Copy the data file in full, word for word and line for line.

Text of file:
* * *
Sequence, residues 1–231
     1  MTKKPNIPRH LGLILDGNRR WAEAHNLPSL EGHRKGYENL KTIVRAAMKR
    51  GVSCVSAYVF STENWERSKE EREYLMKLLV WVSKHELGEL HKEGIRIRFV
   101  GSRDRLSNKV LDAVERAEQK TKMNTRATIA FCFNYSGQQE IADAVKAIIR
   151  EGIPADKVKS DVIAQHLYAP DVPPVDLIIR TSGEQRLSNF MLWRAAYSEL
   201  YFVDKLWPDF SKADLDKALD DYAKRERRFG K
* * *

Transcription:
Sequence, residues 1–231
     1  MTKKPNIPRH LGLILDGNRR WAEAHNLPSL EGHRKGYENL KTIVRAAMKR
    51  GVSCVSAYVF STENWERSKE EREYLMKLLV WVSKHELGEL HKEGIRIRFV
   101  GSRDRLSNKV LDAVERAEQK TKMNTRATIA FCFNYSGQQE IADAVKAIIR
   151  EGIPADKVKS DVIAQHLYAP DVPPVDLIIR TSGEQRLSNF MLWRAAYSEL
   201  YFVDKLWPDF SKADLDKALD DYAKRERRFG K